“We put at risk our ability to preserve safe and sound financial markets in the Unites States — a key ingredient of support for homeownership,” Greenspan said.

    Concerns about the security of the companies grew with the accounting problems that led to the firing of top executives, including former Clinton budget director Franklin Raines.

    “I think a lot of us are disappointed with the breakdown that we’ve seen in accounting of these two major housing institutions and have serious concerns,” said Sen. Jon Corzine, D-N.J.

    Sen. Chuck Hagel, R-Neb., has proposed legislation to set up a regulatory agency with the power to compel the companies to sell off any assets that don’t lend credibility to their mission of making homeownership more widely available.

    “Given the frequency of major accounting and management problems at both Fannie Mae and Freddie Mac over the past two years, Congress must act to ensure that the [companies] are adequately regulated and do not pose any systemic risk to our economy,” Hagel said.

    But one Democratic senator, while conceding problems are evident, charged that reform efforts are really an attempt to destroy the two institutions.

    “Fannie and Freddie have a problem,” said Sen. Charles Schumer, D-N.Y. “Instead of fixing the problem, ideologues want to take advantage of that, and they’ve been chafing at the bit for a long time to undo Fannie and Freddie.”

    But Sen. Jim Bunning, R-Ky., said without some sort of reform in the mortgage industry business, the rest of the financial system is in jeopardy.

    “To those outside this committee who have shown they don’t want a bill, all I can say is be careful what you wish for.”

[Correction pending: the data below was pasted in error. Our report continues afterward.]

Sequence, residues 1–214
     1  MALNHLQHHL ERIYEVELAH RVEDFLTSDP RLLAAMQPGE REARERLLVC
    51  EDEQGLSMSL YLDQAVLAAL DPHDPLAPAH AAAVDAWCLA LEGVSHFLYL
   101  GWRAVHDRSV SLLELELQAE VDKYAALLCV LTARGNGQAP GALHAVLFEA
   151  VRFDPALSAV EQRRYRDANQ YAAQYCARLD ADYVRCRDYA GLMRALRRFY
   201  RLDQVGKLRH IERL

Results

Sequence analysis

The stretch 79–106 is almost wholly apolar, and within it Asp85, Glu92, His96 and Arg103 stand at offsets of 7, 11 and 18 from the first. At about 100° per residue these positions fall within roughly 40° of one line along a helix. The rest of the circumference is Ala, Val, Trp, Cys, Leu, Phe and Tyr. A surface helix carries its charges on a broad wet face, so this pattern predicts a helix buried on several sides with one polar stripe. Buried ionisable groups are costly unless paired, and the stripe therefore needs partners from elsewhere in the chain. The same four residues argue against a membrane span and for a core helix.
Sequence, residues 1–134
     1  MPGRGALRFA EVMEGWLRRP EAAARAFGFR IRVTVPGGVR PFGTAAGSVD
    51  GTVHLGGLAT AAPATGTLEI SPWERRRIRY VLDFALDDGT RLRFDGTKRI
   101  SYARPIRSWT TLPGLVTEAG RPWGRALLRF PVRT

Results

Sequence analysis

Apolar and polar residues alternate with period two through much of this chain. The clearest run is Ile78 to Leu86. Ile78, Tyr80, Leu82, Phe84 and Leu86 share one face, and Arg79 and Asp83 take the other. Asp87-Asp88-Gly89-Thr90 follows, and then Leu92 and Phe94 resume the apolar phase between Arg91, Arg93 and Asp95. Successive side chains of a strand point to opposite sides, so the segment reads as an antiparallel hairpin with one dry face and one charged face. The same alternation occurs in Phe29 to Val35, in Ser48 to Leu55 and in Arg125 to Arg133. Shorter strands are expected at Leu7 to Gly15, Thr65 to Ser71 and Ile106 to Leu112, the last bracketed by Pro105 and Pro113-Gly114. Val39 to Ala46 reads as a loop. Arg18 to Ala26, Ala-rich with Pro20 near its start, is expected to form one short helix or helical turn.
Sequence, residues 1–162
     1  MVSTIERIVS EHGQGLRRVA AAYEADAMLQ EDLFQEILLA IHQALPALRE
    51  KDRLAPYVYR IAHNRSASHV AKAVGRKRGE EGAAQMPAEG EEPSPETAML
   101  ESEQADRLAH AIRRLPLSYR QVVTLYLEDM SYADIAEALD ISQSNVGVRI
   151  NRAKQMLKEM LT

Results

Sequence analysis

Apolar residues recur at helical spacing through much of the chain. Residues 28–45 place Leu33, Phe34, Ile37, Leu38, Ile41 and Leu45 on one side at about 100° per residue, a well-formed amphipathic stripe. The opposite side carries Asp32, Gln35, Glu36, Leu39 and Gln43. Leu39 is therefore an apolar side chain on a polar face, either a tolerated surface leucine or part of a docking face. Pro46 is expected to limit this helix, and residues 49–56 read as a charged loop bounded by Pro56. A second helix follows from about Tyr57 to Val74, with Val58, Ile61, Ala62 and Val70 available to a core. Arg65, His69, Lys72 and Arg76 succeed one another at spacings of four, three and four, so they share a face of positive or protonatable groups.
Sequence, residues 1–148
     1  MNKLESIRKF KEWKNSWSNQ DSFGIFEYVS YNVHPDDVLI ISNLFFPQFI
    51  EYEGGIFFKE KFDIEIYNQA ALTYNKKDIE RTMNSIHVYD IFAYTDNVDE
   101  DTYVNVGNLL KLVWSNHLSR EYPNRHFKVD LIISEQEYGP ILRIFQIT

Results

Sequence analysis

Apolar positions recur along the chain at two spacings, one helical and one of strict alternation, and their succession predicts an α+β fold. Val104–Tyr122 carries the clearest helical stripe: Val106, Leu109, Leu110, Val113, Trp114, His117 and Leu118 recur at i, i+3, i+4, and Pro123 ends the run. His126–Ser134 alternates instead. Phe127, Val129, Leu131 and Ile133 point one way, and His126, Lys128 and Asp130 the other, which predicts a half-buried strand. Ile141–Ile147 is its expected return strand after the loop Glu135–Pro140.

37. Whammer says:



    1998 – $69B
    1999 – $126B
    2000 – $236B

    Thanks. There is some controversy about how the SS surplus was handled during the late ’90s, so I didn’t want to play into the wingnuts hands.

    The right-wing rhetoric on the Clinton administration strives to discredit the budget accomplishments during his term. That is dishonest crap, not a surprise considering the source.

  38. Dutch says:

    Still does not deal with the heart of the matter which is fractional reserve banking and the Federal Reserve Act of 1913. We are asleep at the switch? yes we are. But it started with my Granddad back at the turn of the last century. The end result, historically, is inevitable. No fiat curency survives. Paper aways goes to zero. ESPECIALLY if is money by decree.

  39. Francois says:

    “Just seen on CNBC…Dennis Kneale, Sue Herrera and Michelle Caruso-Cabrera all assuring us, no way, 100%, we cannot have another Great Depression.”

    Excellent contrarian indicator, isn’t it?

  40. superubero says:

    thank you Barry! I feel strangely relieved by this post … like i just told an incompetent poorly matched lover that “this just isn’t working out”

    very cathartic …

    let’s ‘dump’ these incompetent buffoons and get on with the business of making this country whole again

    let the age of quality begin! and by that i mean 3rd party independent verifying standards organizations

  41. Donald Last says:

    Magnificent stuff. As a Brit I care a great deal about America and I just hope and pray that this anger seeps into the consciousness of the general populace. The unctuous vanity and falsity of these rogues and fools in the Washington and Wall Street establishment is sickening. Perhaps we should take a leaf out of the Karachi book – just stone them.

  42. VJ says:


    There is some controversy about how the SS surplus was handled during the late ’90s, so I didn’t want to play into the wingnuts hands.

    Well, technically, the Clinton administration didn’t count the trust funds against the federal budget as the previous Reagan/Poppy Bush administrations had, and reported it as only a $1.9B surplus in 1999 and a $86.4B surplus in 2000, but since the current administration went ‘right’ back to utilizing the trust funds to mask the budget deficits, the only fair manner to contrast the numbers is with the yearly surpluses I posted previously.